Thursday, January 14, 2010

Record is set for cave diving. USA,

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Gainesville underwater explorers Casey McKinlay and Jarrod Jablonski dived 300 feet beneath the earth's surface Saturday afternoon at a remote woodland hole in the ground called Turner Sink, south of Tallahassee. Using underwater scooters, rebreathers and multiple scuba tanks, they traveled seven miles south to emerge Sunday morning at Wakulla Springs.

It is believed to be the world's longest underwater traverse between two cave entrances.

The divers spent 13 hours underwater -- seven traveling and mapping passages and 13 hours decompressing. The event required more than 30 volunteer divers and shore crew who are members of the nonprofit, North Florida-based Woodville Karst Plain Project (WKPP) -- some from as far away as Sweden and Singapore.

A crowd of about 50 -- including park staff, media, volunteers and visitors -- greeted McKinlay and Jablonski when they surfaced at Wakulla Springs State Park at about 9:30 a.m. Sunday.

"You guys have multiplied since we left Turner," Jablonski said.

McKinlay teased park manager Sandy Cook that they had dodged the park's entry fee.

"Hey Sandy!" he called. "Do we have to pay our four dollars?"

Then the gathering adjourned to a park pavilion for pizza and soft drinks.

The record dive -- more than a decade in the works -- was fraught with hazards -- mostly downplayed by McKinlay, 39, Jablonski, 38, and their helpers.

To set up the exploration, a team of three divers Saturday morning stationed extra scooters and scuba tanks 6,500 feet from the spring entrance at Wakulla. This dive required about eight hours of decompression, during which a note was relayed to the surface notifying McKinlay and Jablonski they were good to go.

Then the two explorers, wearing dry suits against the spring's 70-degree chill and loaded down with about 700 pounds of redundant life-support equipment, entered Turner Sink about 1:20 p.m.


"We try to plan for common failures," McKinlay said before the dive. "We'll eventually run into something that surprises us and we'll have to improvise."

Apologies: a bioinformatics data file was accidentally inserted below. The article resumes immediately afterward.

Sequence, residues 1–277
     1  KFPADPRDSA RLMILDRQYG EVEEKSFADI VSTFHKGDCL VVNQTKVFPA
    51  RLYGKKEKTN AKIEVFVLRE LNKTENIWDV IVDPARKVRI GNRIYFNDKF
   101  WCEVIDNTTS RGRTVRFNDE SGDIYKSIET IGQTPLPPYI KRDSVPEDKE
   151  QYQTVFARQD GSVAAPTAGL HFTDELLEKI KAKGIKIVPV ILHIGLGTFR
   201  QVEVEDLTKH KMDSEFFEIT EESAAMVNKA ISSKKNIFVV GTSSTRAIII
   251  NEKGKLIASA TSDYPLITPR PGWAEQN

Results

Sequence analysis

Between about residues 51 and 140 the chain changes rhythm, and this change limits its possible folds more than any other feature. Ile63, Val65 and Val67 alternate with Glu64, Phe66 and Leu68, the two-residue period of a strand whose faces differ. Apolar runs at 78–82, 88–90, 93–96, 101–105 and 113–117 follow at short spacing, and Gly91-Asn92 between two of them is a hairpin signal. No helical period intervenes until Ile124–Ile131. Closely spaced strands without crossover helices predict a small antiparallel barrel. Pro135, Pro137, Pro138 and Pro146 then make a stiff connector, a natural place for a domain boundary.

Added Jablonski: "You can't get help."

Through previous exploratory dives last summer, they knew they would reach what they called a "point of no return" -- a long, narrow tunnel beginning about 13,000 feet from the Turner entrance where no one would be able to reach them if they got in trouble.

Noted McKinlay: "There have been more people on the surface of the moon than have been in that part of the cave."

One of their scooters malfunctioned, but they had plenty of back-up, so they left it in the cave and kept going, enjoying the dive.

"A hell of a ride," McKinlay said. "From about 13,000 feet downstream to about 16,000 feet, that blew me away. There was a wall that was like scootering next to a skyscraper. You couldn't see the ceiling. There were rocks the size of school buses."

While the explorers spent oblivious hours underwater, surface crews at both ends were enduring lightning, thunder and gusty winds spawned by a strong cold front. But no one would leave his or her post while the divers were in the water.

When McKinlay and Jablonski arrived in Wakulla Springs to begin their decompression, they were greeted by a team of support divers who exchanged their equipment and rotated in and out to hang with them during the long night and into the morning.

Wakulla shore manager Todd Leonard stayed up all night, keeping his Trio dry so he could track the divers' schedules.

"Our plans became greatly simplified when we knew they were here and how late they would be surfacing," Leonard said, trying not to sound relieved.


According to McKinlay and Jablonski, the world record actually was an aside to their real mission -- which was to prove the link between Turner Sink and Wakulla Springs.

"An understanding of how groundwater travels beneath the surface allows us to assess land use practices," Jablonski said.

In other words, raw sewage discharged from a ruptured pipe or diesel fuel spilled from a tanker truck in Tallahassee likely will end up in Wakulla Springs, one of Florida's last pristine sources of fresh water.

With that key link established, the WKPP might begin to shift its focus south to connect the Wakulla cave system with the Gulf of Mexico, some 8 1/2 miles away.

Said Cook, the park manager, retiring after 15 years at Wakulla Springs: "It's exciting. They put in a lot of work, a lot of money spent, and a lot of years for it to come to fruition."

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Source Citation
"Record is set for cave diving." Miami Herald [Miami, FL] 17 Dec. 2007. General OneFile. Web. 14 Jan. 2010. .

Gale Document Number:CJ172520724

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